The idea of praying for departed saints (or asking for their prayers) for many today is a rather controversial one, and no doubt keeps many people from taking either the Roman catholic or Orthodox church seriously. Since this seems to be a major stumbling block, I thought it would be helpful for myself, and perhaps for others, to simply outline what talking to “dead people” is really all about. Is it Biblical? Is it historically grounded in the life of the Church? Is it good for the Church and her people? Let’s look a little closer. (I must warn, this post is longer than my usual.)
While I have arguably demonstrated elsewhere that the Protestant canon of the scriptures is both inaccurate and historically untenable, that isn’t the main purpose of this present writing. So, for the sake of this discussion, I will try to focus primarily on scriptures found within their canon (but I’ll include some others later on, as well, for a broader perspective).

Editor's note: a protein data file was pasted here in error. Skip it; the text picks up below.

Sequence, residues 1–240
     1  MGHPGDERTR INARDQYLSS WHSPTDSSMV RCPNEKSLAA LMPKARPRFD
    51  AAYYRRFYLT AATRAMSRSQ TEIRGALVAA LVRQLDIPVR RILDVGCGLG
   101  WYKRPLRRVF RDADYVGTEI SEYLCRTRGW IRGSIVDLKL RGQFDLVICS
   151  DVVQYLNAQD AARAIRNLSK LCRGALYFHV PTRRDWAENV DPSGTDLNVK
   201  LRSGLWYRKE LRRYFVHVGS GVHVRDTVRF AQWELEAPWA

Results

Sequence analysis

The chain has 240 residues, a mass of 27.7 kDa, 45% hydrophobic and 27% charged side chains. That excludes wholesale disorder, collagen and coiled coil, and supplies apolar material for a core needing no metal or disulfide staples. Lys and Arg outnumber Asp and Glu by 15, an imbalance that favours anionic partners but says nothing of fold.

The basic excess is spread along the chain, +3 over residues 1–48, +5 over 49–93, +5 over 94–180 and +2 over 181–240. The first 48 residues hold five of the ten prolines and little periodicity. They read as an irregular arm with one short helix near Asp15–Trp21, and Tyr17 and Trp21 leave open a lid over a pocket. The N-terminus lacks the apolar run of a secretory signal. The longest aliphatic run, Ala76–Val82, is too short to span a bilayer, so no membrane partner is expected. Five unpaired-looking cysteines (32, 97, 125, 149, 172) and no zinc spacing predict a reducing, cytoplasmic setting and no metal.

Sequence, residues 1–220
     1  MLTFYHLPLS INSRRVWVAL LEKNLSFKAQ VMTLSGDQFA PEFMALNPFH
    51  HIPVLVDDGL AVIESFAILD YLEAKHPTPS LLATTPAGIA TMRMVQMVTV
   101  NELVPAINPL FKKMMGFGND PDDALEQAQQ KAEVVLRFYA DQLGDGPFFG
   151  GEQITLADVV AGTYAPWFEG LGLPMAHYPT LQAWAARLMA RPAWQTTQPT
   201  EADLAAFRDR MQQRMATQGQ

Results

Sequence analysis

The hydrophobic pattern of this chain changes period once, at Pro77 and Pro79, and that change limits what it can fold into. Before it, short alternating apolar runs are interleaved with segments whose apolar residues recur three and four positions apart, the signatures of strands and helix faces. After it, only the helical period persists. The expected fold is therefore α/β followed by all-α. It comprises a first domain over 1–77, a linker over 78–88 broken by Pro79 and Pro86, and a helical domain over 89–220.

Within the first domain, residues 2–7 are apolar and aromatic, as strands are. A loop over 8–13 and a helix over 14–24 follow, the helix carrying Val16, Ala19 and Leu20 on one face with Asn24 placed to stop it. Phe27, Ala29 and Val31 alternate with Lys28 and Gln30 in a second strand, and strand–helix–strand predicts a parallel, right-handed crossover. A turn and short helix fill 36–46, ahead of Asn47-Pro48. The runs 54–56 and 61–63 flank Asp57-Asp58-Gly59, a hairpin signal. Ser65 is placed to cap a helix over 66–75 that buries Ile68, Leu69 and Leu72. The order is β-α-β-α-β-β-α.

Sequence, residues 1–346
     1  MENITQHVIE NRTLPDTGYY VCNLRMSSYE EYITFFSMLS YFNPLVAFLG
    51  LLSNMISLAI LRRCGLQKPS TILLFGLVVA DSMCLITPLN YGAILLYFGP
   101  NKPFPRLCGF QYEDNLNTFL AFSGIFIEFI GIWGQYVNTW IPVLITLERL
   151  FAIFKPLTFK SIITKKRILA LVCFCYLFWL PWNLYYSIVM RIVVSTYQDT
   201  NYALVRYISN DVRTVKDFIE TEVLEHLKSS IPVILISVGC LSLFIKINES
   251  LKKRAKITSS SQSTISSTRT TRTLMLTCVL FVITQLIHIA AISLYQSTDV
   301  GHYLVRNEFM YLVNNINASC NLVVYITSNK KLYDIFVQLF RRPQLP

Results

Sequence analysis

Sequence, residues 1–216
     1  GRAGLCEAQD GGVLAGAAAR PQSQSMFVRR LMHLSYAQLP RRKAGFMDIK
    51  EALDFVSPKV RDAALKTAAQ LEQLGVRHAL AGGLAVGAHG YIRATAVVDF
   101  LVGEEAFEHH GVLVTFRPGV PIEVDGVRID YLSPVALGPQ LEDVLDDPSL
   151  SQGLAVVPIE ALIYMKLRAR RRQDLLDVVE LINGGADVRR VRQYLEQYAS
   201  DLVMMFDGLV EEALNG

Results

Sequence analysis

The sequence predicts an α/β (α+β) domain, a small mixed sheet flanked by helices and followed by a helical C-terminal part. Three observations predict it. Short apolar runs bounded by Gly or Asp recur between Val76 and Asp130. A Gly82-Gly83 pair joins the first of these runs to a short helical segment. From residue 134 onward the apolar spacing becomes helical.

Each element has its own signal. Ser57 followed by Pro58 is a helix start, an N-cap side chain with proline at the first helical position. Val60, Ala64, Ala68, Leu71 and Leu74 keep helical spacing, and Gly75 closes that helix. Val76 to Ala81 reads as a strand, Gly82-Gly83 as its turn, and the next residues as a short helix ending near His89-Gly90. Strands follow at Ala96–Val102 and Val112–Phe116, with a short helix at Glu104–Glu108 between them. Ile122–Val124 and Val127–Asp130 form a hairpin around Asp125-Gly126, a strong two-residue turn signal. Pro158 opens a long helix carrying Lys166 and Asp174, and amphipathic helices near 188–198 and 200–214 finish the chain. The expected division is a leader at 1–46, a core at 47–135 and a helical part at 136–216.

One of the most striking passages related to this subject is found in the apostle Paul’s second Epistle to Timothy, where he writes (1:16–18):
The Lord grant mercy to the household of Onesiphorus, for he often refreshed me, and was not ashamed of my chain; but when he arrived in Rome, he sought me out very zealously and found me. The Lord grant to him that he may find mercy from the Lord in that Day.
When looking at this passage carefully, it can be seen that St Paul is in fact praying that the Lord would have mercy on Onesiphorus on the Day of Judgment, with the implication that he is already dead. This is typically argued from the standpoint that St Paul prays for the household of Onesiphorus separately from the man himself, and later in this same Epistle during his “farewell” remarks, he writes “Greet Prisca and Aquila, and the household of Onesiphorus” (4:19). Some commentators, such as Reformed pastor Matthew Henry, have argued that this simply means Onesiphorus was with St Paul at the time, and so he was greeting their entire household in his absence. However, St Paul says in this same chapter: “Only Luke is with me” (4:11), and then asks to have Mark sent to him as well. No mention is made of Onesiphorus individually except in the context of praying for his salvation “in that Day.”